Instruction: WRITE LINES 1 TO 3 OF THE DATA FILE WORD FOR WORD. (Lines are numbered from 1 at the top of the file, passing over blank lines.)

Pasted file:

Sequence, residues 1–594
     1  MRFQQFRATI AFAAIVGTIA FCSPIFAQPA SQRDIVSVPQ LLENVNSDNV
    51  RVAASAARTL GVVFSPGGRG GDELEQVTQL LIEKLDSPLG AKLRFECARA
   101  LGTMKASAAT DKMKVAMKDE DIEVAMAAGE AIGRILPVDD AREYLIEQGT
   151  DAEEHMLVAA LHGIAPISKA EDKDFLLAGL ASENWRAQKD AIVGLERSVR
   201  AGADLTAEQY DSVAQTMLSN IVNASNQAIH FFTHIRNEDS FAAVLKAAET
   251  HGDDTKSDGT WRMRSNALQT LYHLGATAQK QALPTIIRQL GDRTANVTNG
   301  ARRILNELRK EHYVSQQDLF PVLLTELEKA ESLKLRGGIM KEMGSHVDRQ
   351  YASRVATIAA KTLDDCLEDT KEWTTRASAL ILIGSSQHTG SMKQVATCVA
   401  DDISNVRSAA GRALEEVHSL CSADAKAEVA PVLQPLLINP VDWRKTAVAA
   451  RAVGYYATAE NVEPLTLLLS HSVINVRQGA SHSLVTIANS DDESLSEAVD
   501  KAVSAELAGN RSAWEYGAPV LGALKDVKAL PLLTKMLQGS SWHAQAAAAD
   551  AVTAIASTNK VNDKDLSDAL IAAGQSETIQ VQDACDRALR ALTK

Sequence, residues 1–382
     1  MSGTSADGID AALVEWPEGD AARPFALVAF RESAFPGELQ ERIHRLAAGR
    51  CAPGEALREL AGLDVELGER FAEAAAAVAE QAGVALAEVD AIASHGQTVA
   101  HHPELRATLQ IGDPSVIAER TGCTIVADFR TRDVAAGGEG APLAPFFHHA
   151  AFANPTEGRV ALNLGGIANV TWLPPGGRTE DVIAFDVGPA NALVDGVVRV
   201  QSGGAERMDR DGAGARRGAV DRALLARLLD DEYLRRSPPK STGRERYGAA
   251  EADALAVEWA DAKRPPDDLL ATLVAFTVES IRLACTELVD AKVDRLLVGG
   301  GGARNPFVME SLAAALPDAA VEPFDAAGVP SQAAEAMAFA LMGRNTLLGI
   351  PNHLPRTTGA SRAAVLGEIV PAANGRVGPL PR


Sequence, residues 1–594
     1  MRFQQFRATI AFAAIVGTIA FCSPIFAQPA SQRDIVSVPQ LLENVNSDNV
    51  RVAASAARTL GVVFSPGGRG GDELEQVTQL LIEKLDSPLG AKLRFECARA